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Bernie Is Out; Socialism Is In

The opinions expressed by columnists are their own and do not necessarily represent the views of
AP Photo/Paul Sancya

Senator Bernie Sanders has finally heeded calls to exit the presidential race. We might be tempted to call this a failure, but Sanders has been an extremely successful candidate -- if we measure success not by votes, but by influence. While many Americans may be breathing easier now that the prospect of a socialist president has been avoided, we shouldn’t underestimate how Sanders has shaped American politics: His socialist proposals have moved from the fringe to the mainstream of the Democratic Party. 


Sanders’ exit from the race does not signal the end of his legacy. For one thing, Sanders has pledged to remain on the ballot and keep amassing delegates heading into the convention. Delegates give him considerable leverage over the party platform.

But his long-term influence runs deeper; Sanders has consistently advocated for a whole host of items on the progressive wish list and declared economic, social, racial, and environmental justice basic human rights guaranteed by the government. This platform appeals to a young, diverse coalition, and that’s not going away. 

In 2016, his candidacy was marked by distrust of the Democratic establishment and a disregard for party unity, which led to a feud with the eventual nominee, Hillary Clinton which still simmers. Bernie Bros, young male supporters known for their mob-like tendencies, made it clear their support could not be swayed even as the candidate himself urged them to support Clinton at the Democratic National Convention.

In the intervening years, Sanders’ once-revolutionary hallmark proposals -- wealth redistribution, single-payer healthcare, free college, mandates on corporate governance, and a higher minimum wage -- have become the de-facto Democratic platform. Polls show a majority of Democrats support his key proposals. However, support drops significantly among all voters when they are informed of the costs. Approximately 63% of respondents initially approve of a $15 minimum wage, but when informed about the Congressional Budget Office’s projected costs and subsequent job losses, the approval rate drops to 37%.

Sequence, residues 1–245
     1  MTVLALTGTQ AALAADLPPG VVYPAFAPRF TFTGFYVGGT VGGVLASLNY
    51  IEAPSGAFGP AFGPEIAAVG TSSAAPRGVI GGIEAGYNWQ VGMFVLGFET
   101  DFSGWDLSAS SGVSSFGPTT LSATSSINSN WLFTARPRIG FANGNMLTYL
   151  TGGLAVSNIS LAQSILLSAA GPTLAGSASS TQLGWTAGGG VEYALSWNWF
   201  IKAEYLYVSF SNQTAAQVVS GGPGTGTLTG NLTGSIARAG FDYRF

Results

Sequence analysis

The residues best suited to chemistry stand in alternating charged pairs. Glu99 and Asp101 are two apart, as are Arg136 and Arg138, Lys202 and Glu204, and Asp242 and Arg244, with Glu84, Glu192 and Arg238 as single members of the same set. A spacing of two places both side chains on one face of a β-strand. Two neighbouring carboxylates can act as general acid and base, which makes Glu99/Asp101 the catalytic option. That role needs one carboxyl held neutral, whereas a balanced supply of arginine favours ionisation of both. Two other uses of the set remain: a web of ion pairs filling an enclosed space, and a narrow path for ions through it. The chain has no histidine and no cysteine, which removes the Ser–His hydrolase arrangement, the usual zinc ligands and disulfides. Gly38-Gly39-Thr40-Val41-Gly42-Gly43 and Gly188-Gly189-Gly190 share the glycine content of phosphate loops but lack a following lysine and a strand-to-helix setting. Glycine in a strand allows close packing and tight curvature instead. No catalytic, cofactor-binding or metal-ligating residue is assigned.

Nearly all of the two dozen 2020 Democratic presidential hopefuls endorsed these ideas. Top tier candidates like Senator Elizabeth Warren even outlined detailed plans to implement them... which in Warren’s case led to her downfall when the math didn’t add up. 

A slate of candidates and recently elected lawmakers ranging from pop culture favorite Rep. Alexandria Ocasio Cortez (AOC) to San Luis Obispo Mayor Heidi Harmon credit Sanders as their inspiration to run for office. Ocasio Cortez stated, "The only reason that I had any hope in launching a long-shot campaign for Congress is because Bernie Sanders proved that you can run a grassroots campaign and win…” This election cycle, AOC endorsed Sanders and actively campaigned for him until he received the endorsement of popular podcast host Joe Rogan. This led AOC to pull back and complain that the “tent was too big.” 

House Speaker Nancy Pelosi probably regrets her earlier dismissals of the so-called “squad:” Reps. AOC, Pressley, Omar, and Tlaib. Pelosi’s admonitions to settle intraparty business behind closed doors have gone unheeded. Bernie Sanders' successive presidential bids have built a powerful coalition of activists that have become the core of the Democratic base and a force to be reckoned with for the foreseeable future. Unlike typical freshman lawmakers, Ocasio Cortez and her 6.7 million Twitter followers are not going to quietly be taken to the proverbial woodshed by party leadership anymore. 


Biden will win the nomination but has lost his bid to simply preserve President Obama’s signature achievement: the passage of the Affordable Care Act. Instead, he will be forced to adopt a watered-down version of Medicare for All or be forced to deal with the Bernie Bros. 

Moderates are out; progressive socialists are in. Sanders has achieved his ultimate goal, which was the transformation of the Democratic Party and he didn’t even have to change his political affiliation as an Independent to do it.

Now more than ever, conservatives need to explain why capitalism, limited government and individual responsibility lift more people out of poverty better than any government program or redistribution scheme.

Bernie shows us that ideas, ultimately, are more important than the candidates who carry them forth.

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